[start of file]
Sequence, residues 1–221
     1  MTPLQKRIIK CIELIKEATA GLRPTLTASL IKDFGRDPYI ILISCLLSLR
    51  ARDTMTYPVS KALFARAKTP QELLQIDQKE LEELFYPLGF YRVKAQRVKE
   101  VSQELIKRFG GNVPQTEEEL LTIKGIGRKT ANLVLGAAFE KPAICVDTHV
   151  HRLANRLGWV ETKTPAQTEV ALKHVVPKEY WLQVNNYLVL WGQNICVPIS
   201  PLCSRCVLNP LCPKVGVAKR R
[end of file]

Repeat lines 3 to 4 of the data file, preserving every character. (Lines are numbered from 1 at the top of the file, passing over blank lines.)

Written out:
    51  ARDTMTYPVS KALFARAKTP QELLQIDQKE LEELFYPLGF YRVKAQRVKE
   101  VSQELIKRFG GNVPQTEEEL LTIKGIGRKT ANLVLGAAFE KPAICVDTHV